This week’s share includes tried and true veggies of summer, and needs little explanation. With the current tomato surplus I hope that you try a simple tomato salad. Last year when I was home in Cincinnati with my brother, he went straight for the box of tomatoes I brought, cut a couple heirlooms in a big bowl, sprinkled a little salt, olive oil and vinegar on them and started in. It’s a simple, delicious treat and a wonderful way to make sure none of your tomatoes goes to waste.

Summer Canning

Tomato and chili sauce (more exactly Clara Zimmer’s Chili Sauce c. 1918) are the tasks at hand right now. A photo of the ingredients for each is shown, respectively. Little more than salt and oil was needed for the tomato sauce, while the chili sauce also called for 1-1/4 cup brown sugar and 2 cups vinegar and some pickling spices. The veggies in those crates was converted into 6 quarts of tomato sauce and 10 pints (5 quarts) of chili sauce.

Each called for between 20 and 25 pounds of tomatoes, showing that, canning can be an expensive (but very worthwhile) venture if you are buying your produce. These days though, it can cost less than a tank of gas, and can fuel you through the winter. Of course if you grow your own all you need it to do is be ready when the tomatoes are.

Bulk List

Fair Share Farm
CSA Bulk Order Form Week of 7/28/08

Item Member Cost Non- Member Cost
Beets $2.75/qt $3.00/qt
Pickling pack* (small cukes)
$17.00 $19.00
Pickling pack* (med. cukes)
$13.00 $15.00
Pickling pack* (large cukes)
$11.00 $13.00
Paste tomatoes (No. 1's)
$2.25/lb $2.75/lb
$1.75/lb over 10 lb $2.25/lb over 10 lb
Tomato seconds
$1.75/lb $2.00/lb
$1.50 over 10 lb $1.75 over 10 lb
Basil
$1.75//bu $2.00/bu
Tarragon
$1.75//bu $2.00/bu
Dill flowers
$1.75//bu $2.00/bu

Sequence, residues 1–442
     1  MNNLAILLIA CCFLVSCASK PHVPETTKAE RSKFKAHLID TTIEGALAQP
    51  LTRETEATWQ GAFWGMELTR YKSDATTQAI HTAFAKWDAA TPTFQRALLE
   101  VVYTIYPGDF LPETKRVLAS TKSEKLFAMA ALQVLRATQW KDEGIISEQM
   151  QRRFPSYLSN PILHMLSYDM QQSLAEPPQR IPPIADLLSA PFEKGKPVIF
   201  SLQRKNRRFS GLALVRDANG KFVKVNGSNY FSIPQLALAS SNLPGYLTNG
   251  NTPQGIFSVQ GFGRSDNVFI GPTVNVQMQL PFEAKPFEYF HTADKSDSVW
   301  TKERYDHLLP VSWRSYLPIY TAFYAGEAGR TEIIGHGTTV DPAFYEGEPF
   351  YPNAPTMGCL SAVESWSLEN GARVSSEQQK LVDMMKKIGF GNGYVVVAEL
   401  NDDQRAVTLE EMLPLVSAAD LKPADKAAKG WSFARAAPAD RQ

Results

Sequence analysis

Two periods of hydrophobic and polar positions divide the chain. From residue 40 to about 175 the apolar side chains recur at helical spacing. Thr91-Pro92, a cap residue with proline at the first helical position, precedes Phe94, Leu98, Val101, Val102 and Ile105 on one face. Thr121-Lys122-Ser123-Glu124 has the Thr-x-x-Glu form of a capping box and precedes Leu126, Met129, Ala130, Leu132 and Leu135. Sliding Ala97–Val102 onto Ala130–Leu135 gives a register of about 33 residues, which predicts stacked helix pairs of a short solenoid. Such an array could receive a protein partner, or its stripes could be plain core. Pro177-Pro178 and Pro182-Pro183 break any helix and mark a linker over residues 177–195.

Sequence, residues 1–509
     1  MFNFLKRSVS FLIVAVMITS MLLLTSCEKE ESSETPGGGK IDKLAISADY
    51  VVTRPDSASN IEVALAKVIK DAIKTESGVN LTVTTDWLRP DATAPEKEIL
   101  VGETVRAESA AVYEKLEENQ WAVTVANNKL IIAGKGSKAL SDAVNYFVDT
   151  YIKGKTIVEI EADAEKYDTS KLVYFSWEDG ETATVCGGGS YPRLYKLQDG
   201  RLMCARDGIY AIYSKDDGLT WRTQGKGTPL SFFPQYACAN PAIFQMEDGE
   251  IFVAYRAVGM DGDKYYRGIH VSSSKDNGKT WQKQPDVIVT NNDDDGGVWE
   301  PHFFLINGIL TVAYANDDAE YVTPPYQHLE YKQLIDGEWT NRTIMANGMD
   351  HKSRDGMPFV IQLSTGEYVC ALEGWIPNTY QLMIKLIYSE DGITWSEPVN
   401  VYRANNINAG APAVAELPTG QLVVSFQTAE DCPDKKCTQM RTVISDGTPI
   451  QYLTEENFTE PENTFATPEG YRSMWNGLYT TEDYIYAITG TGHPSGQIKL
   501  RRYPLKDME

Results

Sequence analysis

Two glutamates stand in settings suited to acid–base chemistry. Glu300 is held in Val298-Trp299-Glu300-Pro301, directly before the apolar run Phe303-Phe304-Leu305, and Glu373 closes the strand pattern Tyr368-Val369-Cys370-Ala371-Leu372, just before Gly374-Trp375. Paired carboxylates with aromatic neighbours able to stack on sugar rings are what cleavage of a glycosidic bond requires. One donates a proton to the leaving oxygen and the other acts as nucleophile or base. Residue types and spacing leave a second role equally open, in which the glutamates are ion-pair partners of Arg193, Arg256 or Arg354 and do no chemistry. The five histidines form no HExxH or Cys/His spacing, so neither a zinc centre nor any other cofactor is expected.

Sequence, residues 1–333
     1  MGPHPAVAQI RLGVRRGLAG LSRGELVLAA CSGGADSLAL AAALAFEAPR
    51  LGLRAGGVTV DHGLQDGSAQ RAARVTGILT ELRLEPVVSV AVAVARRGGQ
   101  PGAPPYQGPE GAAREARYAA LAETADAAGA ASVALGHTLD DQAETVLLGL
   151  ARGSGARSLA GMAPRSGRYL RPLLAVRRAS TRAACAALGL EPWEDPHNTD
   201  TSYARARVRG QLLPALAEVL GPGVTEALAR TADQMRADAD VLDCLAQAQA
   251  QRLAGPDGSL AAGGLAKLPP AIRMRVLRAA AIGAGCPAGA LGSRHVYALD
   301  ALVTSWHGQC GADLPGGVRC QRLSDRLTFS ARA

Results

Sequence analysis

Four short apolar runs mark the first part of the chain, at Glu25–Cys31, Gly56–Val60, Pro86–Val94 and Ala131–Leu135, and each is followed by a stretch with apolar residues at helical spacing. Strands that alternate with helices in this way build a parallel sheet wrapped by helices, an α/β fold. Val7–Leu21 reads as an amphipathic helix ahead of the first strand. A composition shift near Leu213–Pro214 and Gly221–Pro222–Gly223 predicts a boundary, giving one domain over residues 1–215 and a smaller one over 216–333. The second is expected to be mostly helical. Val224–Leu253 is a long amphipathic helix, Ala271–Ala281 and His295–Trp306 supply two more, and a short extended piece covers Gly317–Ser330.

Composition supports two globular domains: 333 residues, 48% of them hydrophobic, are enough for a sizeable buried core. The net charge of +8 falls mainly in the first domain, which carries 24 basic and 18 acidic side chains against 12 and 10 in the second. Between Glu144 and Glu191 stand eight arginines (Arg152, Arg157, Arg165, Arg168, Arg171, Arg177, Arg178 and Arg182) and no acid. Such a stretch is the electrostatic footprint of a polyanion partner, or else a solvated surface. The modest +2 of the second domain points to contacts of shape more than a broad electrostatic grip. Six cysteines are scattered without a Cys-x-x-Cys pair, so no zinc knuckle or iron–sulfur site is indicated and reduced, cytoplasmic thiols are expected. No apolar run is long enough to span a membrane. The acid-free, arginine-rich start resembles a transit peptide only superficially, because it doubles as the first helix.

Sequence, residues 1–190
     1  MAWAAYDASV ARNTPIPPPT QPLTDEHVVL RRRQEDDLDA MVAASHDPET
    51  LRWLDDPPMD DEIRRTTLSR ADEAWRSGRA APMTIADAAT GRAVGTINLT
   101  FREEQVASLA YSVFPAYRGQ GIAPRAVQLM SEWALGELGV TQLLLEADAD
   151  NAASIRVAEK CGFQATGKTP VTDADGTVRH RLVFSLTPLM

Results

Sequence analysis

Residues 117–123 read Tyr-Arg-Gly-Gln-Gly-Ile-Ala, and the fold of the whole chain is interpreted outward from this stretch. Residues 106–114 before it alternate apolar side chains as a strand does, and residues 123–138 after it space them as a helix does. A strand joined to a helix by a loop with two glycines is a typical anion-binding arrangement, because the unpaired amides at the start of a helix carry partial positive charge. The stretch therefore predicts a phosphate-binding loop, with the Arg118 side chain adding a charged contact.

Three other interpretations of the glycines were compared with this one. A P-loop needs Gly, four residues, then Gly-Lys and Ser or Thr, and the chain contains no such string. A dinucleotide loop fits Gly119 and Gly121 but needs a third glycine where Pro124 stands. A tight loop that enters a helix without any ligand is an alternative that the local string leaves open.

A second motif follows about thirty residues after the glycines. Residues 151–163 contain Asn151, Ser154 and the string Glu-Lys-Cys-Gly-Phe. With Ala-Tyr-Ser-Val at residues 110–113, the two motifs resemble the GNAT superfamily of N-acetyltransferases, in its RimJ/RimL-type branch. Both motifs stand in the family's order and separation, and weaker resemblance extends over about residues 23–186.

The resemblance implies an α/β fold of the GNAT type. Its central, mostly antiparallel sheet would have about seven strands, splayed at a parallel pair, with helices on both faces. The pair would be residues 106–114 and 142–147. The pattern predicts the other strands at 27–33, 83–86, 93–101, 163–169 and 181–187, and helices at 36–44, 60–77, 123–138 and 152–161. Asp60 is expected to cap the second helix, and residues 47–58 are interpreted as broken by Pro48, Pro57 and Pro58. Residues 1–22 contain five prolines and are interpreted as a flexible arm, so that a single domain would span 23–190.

Dried herbs
$1.75 $2.00
thyme, marjoram, dried hot
peppers, lovage, lavendar
flowers, coriander, oregano

* Pickling pack aromatics choices are garlic, dill, or cornichon

NEED TO KNOW MORE? Go to our Recipe page and search.

Tuesday, July 22, 2008

From the farm - Week 11

In the Share: Week 11
TOMATOES (F/P) The heirlooms are outproducing the hybrids right now.
CHERRY TOMATOES (F/P) The healthiest tomatoes on the farm are on our highest ground.
GREEN BEANS (F) Thanks to all the pickers that have signed up to help us tomorrow! Partial shares will get them next week. Still need more pickers for the 30th. Here's a photo from Saturday's bean picking.
WALLA WALLA ONIONS (F/P) Our sweetest onion, great raw in salads
SUMMER SQUASH (F)
CUCUMBERS: (F)
GREEN PEPPERS OR BEETS: (P)
HERB CHOICE (F/P) Basil, Oregano or a dried herb.

Also this week: Parker Farms meat & egg share delivery

Next Week: More tomatoes, summer squash, cucumbers, beans. More garlic & carrots. Perhaps some cantaloupe. Bread share delivery.

Farm report
There has been a tropical air this week with temperatures in the upper 90s for the first time this year. It came too late for the tropical melons, however. The tropical melon variety called ‘Passport’ is one of our favorites – somewhere between a cantaloupe and a honeydew. We transplanted 200 feet of them along with the same of watermelons and cantaloupes back in mid-May but the cool, wet weather left them to wilt. This week we are beginning to hand out the melons that survived starting with on-farm distribution. If you don’t get one this week, not to worry, there are better chances down the line with our second and third plantings that grew under more favorable conditions.